Last month, I represented the AAFP in the PCORI stakeholder workshop "Prioritizing Comparative Effectiveness Research for Second-Line Type 2 Diabetes Treatment." Other workshop participants included fellow primary care clinicians and representatives from relevant subspecialty societies, patient groups, benefits managers, clinical investigators, and the pharmaceutical industry. After listening to presentations on recent trials and the GRADE study, we were asked to formulate a research question in the PICO (Population, Intervention, Comparator, Outcome) format, keeping in mind the following criteria: patient-centeredness, health impact of the condition, assessment of current options, likelihood of implementation in practice, and durability of information.

I was impressed by the high quality of the discussion and the group's determination to come up with practical research questions that would provide meaningful answers to better inform family physicians and other clinicians who care for patients with type 2 diabetes. PCORI Executive Director Joe Selby, MD, MPH, who is also a family physician, told me how important it was to him that Family Medicine be actively engaged in shaping the organization's research agenda and priorities. PCORI offers many opportunities to get involved that range from suggesting new research questions, to providing input on current questions and methods, to serving on standing advisory panels on various cross-cutting topics.


This post first appeared on the AFP Community Blog.

Saturday, April 9, 2016

Walk, don't run to implement SPRINT findings in primary care

This the second part of a two-part commentary that I wrote in collaboration with Dr. Stephen Martin and Dr. John Mandrola. The first part is posted here.


In real-world practice, where measured blood pressure often skews high, the harm of overtreating patients whose clinic pressure is high due to artifact (but normal at home) is greater. And because adherence rates are typically lower in primary care practice, the incremental benefit of more intense blood pressure treatment will likely be smaller, or could even be outweighed by the harms.

We don’t know how effective treating to lower blood pressure targets will be when scaled into real-world practice. SPRINT’s limitations should give us pause before rushing to revise the Eighth Joint National Committee (JNC 8) evidence-based guidelines for hypertension treatment, as some have already called for. In practice, the high-risk inclusion criteria for SPRINT are likely to be broadened to those at lower risk. Quality metrics that rely on cut point outcomes, such as blood pressure (e.g., 140/90 mm Hg or 120/80 mm Hg), are especially vulnerable to “one-size-fits-all” efforts, which may cause harm when scaled to heterogeneous primary care populations.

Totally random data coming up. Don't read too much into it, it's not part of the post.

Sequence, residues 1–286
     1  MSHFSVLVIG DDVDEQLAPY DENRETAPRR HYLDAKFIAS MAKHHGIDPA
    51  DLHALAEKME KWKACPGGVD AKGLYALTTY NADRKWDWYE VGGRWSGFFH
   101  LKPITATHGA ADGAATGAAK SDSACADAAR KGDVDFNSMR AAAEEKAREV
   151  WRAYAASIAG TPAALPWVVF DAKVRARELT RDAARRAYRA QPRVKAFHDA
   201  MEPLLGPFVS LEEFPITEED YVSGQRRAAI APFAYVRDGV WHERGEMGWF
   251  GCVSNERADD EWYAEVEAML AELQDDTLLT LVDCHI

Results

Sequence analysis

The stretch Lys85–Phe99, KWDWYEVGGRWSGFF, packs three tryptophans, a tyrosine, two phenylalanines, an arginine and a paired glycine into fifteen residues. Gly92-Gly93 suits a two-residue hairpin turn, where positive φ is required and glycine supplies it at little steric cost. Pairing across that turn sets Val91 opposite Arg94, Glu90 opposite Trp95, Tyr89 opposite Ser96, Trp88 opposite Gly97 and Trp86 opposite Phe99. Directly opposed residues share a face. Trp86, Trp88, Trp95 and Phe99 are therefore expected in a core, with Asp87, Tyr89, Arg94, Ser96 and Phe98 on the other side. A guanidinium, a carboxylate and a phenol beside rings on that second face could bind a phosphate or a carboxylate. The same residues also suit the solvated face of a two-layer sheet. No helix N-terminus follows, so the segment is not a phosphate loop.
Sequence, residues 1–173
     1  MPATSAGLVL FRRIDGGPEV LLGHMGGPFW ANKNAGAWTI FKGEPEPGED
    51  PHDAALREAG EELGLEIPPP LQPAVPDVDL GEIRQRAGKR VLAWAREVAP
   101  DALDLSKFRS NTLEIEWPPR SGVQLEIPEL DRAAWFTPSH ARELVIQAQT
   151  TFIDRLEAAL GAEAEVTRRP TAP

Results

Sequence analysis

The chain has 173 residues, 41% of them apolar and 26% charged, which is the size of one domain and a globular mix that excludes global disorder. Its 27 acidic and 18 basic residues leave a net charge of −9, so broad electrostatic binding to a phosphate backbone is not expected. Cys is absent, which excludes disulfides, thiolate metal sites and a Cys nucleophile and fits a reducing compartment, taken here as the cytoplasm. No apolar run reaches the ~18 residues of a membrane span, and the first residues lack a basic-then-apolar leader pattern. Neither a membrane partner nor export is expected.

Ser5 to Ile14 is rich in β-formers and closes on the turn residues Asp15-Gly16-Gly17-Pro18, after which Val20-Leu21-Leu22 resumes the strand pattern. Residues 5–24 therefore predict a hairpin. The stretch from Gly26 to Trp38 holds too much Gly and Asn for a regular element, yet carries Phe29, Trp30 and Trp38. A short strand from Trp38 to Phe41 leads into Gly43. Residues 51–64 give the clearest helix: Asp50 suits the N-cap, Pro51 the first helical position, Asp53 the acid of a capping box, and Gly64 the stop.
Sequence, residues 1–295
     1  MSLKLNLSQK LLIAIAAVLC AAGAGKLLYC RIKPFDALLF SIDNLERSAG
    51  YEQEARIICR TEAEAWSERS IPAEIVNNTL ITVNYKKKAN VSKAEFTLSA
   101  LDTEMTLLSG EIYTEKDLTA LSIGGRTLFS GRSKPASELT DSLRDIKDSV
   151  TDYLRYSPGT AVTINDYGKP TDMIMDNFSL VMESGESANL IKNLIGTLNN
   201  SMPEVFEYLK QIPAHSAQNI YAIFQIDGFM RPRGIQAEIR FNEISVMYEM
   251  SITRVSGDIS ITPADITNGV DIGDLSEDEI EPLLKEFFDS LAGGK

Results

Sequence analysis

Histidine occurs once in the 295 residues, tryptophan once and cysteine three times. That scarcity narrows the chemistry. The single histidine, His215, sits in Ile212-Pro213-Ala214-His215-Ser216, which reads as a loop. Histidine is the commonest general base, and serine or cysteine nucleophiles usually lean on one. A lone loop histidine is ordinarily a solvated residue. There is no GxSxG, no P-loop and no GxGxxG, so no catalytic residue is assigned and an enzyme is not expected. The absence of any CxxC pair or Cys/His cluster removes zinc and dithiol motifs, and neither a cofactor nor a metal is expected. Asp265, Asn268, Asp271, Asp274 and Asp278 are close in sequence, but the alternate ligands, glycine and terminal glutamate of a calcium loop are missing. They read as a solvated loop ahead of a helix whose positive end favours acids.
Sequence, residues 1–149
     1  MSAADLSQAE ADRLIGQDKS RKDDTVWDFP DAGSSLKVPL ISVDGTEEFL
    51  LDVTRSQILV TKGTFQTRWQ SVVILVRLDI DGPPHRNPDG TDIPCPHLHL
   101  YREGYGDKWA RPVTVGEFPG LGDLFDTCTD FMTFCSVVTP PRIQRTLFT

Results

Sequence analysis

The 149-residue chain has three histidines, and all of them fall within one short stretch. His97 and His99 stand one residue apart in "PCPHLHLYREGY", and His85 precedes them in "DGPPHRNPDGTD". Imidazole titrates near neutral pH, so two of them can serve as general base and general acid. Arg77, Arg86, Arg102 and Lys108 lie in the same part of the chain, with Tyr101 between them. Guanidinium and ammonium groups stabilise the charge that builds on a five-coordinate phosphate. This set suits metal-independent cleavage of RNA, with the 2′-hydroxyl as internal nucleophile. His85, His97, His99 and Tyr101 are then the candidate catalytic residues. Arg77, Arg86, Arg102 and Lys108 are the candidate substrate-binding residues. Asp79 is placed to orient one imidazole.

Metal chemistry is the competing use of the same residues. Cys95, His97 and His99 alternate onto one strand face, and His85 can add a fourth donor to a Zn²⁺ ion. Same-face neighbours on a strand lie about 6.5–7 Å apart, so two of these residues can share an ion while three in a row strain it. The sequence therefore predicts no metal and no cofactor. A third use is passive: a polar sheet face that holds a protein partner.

We are also concerned that the momentum for more intense blood pressure control has not elicited calls for greater emphasis on lifestyle interventions or shared decision making. The word “lifestyle” appeared in the SPRINT publication exactly one time, which is remarkable for a study of hypertension treatment. Patients will be exposed to less harm with more intense blood pressure control if it is achieved with diet, exercise and sleep hygiene; with medication, over one-third of participants in both SPRINT trial arms experienced a serious adverse event. And in 2016, there is a broad consensus that high-quality care means aligning care with patients’ goals. Some patients may be willing to accept the risk of more intensive treatment. Others, when told of the absolute benefits and risks, may not want the extra burden of therapy. Rather than set absolute blood pressure targets, revised hypertension guidelines should recommend shared decision-making.